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Derp and social research

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Derp and social research

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Facebook made the headlines earlier in the year when news broke that they were manipulating the newsfeed of users as part of a piece of scientific research to explore how users would respond to such tampering.  Whilst that gained a lot of adverse publicity, there is a groundswell of partnerships between social networks and the academic world who are keen to make use of the vast quantity of data posted onto social networks on a daily basis.

Earlier this year for instance, Twitter teamed up with Gnip, an organization that touts themselves as the source for open social data, to offer  selected research institutions access to Twitter data from 2006 to the present day.  The pilot program, known as Twitter Data Grants, hopes to boost research by giving academics access to such a wealth of data.  In the first few months of the pilot, Twitter revealed that it has already received over 1,300 research proposals from around the globe.

The latest project of this ilk is the rather unfortunately named Derp (or The Digital Ecologies Research Partnership to its friends).  The partnership will see data from Reddit, Imgur and Twitch made available to researchers from institutions such as MIT and Harvard.

It came about “as a result of Imgur talking with a number of other community platforms online trying to learn about how they work with academic researchers,” says Tim Hwang, the image-sharing site’s head of special initiatives.

“In most cases, the data provided through Derp will already be accessible through public APIs,” an announcement says. “Our belief is that there are ways of doing research better, and in a way that strongly respects user privacy and responsible use of data.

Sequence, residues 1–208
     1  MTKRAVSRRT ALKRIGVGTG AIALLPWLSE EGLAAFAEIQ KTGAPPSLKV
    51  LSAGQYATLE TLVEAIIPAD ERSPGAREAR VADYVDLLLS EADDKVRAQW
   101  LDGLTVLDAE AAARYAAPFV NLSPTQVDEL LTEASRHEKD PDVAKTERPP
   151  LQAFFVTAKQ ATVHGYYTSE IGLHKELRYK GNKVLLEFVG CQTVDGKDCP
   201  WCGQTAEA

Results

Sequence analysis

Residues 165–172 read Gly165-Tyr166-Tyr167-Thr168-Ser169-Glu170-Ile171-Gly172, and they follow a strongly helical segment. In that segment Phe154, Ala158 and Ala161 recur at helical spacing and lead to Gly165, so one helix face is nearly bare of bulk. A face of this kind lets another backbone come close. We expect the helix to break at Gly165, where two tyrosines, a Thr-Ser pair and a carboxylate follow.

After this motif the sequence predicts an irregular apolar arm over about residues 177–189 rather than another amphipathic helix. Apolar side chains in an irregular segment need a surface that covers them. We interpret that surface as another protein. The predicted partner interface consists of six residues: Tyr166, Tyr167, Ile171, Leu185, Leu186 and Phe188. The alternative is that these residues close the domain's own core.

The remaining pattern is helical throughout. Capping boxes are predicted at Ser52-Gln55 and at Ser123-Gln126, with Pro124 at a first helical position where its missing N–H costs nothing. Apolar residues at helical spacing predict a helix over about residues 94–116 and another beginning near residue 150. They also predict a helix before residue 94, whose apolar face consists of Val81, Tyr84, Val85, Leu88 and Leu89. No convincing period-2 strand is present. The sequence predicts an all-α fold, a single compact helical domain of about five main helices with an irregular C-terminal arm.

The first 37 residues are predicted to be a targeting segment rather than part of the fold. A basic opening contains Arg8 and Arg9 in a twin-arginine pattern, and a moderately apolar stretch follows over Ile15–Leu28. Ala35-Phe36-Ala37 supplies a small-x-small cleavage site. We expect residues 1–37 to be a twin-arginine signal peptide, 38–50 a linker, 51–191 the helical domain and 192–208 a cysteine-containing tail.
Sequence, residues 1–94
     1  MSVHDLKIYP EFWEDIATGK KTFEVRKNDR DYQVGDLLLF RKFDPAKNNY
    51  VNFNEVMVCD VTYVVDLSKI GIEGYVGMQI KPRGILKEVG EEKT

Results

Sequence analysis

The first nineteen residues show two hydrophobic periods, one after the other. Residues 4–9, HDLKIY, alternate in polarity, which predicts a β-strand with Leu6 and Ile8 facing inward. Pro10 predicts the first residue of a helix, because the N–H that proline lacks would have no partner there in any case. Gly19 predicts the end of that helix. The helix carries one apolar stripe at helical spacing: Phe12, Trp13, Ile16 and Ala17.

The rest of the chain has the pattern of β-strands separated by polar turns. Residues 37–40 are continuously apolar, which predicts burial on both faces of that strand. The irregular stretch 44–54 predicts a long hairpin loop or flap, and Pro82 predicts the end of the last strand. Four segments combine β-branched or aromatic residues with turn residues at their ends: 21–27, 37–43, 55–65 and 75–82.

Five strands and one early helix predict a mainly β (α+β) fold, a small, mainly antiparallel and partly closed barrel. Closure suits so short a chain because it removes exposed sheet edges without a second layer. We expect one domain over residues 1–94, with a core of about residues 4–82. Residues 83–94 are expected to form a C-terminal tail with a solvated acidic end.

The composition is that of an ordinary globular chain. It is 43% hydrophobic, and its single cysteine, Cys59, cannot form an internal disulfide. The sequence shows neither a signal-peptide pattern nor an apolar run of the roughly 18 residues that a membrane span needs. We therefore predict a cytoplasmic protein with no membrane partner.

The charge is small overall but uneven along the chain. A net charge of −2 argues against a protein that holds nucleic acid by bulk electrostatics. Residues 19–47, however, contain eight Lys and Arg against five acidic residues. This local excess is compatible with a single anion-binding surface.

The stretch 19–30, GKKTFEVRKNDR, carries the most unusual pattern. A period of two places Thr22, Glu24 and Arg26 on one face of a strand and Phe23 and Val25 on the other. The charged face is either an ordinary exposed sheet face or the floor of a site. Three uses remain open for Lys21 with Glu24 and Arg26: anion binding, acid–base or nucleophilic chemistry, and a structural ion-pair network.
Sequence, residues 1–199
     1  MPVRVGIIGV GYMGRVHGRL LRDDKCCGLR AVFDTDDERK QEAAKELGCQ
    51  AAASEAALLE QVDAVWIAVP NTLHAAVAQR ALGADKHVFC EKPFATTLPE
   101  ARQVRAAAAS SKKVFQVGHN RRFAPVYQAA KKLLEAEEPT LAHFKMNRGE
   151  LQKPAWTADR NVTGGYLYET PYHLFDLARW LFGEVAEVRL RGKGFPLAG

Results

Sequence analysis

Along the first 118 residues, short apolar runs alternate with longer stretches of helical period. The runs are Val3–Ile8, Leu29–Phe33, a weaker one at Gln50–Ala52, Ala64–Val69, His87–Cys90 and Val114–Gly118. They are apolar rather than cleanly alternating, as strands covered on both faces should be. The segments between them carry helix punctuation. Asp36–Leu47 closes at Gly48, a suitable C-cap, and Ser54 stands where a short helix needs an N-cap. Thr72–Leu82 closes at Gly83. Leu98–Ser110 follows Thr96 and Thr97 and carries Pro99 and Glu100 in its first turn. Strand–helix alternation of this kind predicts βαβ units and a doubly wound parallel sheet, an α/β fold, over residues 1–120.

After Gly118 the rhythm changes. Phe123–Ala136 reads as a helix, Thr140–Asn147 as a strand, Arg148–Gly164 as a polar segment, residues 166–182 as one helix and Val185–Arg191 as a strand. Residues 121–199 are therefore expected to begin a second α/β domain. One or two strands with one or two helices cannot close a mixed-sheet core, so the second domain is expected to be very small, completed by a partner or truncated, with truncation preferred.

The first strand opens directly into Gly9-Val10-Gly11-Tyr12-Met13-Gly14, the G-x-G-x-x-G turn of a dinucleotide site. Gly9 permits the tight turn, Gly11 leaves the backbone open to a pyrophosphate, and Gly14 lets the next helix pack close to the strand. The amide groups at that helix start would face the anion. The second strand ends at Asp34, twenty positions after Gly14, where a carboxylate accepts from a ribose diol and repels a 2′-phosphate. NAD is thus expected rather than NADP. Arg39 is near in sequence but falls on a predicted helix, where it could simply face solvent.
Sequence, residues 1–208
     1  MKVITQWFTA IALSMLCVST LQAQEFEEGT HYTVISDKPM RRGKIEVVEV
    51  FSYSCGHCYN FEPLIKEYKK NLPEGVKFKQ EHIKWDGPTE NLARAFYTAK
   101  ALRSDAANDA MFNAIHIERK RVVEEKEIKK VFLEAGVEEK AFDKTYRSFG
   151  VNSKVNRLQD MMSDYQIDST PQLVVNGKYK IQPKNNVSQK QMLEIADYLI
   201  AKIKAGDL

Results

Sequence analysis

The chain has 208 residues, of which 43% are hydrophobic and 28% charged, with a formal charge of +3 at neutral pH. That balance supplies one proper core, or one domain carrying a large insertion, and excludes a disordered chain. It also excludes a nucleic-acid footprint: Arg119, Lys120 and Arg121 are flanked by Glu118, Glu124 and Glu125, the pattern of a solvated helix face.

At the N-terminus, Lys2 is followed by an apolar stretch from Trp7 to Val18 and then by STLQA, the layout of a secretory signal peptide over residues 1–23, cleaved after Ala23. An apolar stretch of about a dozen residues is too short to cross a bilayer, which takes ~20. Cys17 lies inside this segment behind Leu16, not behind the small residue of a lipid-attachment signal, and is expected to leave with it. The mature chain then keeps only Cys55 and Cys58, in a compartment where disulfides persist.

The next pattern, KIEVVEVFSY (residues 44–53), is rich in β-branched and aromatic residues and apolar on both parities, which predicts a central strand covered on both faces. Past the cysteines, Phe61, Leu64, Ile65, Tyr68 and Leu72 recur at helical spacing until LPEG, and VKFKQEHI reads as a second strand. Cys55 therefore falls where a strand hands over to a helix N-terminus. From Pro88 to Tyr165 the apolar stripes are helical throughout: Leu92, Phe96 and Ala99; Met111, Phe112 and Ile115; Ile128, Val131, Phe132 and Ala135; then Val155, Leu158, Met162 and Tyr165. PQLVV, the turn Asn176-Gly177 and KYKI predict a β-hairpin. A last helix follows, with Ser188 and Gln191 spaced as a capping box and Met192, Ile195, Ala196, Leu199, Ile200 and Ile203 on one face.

“Derp is an alliance of platforms that all believe strongly in this. In working with academic researchers, we support projects that meet institutional review at their home institution, and all research supported by Derp will be released openly and made publicly available.”

An example of the kind of thing they’re hoping to do was covered on the blog earlier this summer.  It was a study conducted by Stanford researchers that used data from Reddit’s Random Acts of Pizza subforum to test how people best secure favours from colleagues.  They identified several key criteria for a successful request, including the narrative used and how you communicate your need.

The move offers the research community a nice way of accessing data from outside of the main social networks.  Derp hope to change that and offer “a single point of contact for researchers to get in touch with relevant team members across a range of different community sites.”

“We envision that this will lower the friction to investigating these sites in more depth, and broaden the scope of research happening within the academic community,” they continue.

What’s more, the group also hope to make it much easier to analyse data from multiple networks. “By bringing a number community sites together under a single cooperative effort, we intend to lower the friction to doing so, as well as better enable the sites themselves to coordinate with one another on supporting researchers.”

It’s an interesting project that will hopefully ensure the academic community can continue the flow of insightful research.

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